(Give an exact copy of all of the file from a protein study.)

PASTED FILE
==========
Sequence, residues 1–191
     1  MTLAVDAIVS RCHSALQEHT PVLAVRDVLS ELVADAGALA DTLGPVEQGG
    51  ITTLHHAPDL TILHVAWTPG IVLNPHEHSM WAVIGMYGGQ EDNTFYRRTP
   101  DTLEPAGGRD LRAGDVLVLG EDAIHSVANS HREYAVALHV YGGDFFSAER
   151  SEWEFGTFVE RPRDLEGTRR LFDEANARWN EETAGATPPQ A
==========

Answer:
Sequence, residues 1–191
     1  MTLAVDAIVS RCHSALQEHT PVLAVRDVLS ELVADAGALA DTLGPVEQGG
    51  ITTLHHAPDL TILHVAWTPG IVLNPHEHSM WAVIGMYGGQ EDNTFYRRTP
   101  DTLEPAGGRD LRAGDVLVLG EDAIHSVANS HREYAVALHV YGGDFFSAER
   151  SEWEFGTFVE RPRDLEGTRR LFDEANARWN EETAGATPPQ A